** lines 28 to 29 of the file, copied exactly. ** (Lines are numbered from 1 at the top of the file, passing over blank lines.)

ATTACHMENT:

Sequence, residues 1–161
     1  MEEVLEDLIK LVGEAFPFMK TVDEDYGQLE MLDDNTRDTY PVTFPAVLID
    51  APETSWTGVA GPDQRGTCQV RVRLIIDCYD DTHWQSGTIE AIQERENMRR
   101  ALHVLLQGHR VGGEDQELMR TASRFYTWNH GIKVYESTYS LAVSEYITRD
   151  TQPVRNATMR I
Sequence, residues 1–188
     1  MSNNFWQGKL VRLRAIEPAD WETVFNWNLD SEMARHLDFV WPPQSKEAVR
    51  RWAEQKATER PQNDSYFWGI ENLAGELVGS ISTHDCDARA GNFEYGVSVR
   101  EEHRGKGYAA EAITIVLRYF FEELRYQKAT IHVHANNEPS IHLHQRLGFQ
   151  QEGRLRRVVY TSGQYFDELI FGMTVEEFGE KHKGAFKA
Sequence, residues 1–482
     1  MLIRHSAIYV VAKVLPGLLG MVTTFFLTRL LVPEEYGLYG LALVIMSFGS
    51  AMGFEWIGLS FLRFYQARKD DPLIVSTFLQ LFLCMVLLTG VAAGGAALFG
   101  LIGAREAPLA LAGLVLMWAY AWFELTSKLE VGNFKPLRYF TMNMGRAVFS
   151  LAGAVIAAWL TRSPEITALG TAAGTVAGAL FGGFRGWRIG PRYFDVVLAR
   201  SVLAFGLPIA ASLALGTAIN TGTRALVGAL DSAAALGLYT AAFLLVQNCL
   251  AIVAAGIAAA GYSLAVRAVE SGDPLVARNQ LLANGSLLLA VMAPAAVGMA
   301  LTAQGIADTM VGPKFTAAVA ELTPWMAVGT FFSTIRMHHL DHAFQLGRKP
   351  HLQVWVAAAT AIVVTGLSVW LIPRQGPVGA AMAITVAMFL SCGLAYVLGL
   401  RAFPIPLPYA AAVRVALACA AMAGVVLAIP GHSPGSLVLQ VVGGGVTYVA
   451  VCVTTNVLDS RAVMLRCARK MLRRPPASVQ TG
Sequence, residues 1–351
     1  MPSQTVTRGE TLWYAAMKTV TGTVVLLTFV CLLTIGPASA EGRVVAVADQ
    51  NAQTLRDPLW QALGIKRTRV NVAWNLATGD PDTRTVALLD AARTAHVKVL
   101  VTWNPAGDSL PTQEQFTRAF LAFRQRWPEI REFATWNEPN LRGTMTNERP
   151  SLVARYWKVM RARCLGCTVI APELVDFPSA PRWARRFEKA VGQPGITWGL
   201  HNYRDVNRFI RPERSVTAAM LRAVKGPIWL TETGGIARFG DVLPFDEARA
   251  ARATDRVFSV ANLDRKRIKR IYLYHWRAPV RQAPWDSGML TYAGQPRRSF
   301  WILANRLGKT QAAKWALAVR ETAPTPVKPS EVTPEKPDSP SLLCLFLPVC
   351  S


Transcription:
   251  ARATDRVFSV ANLDRKRIKR IYLYHWRAPV RQAPWDSGML TYAGQPRRSF
   301  WILANRLGKT QAAKWALAVR ETAPTPVKPS EVTPEKPDSP SLLCLFLPVC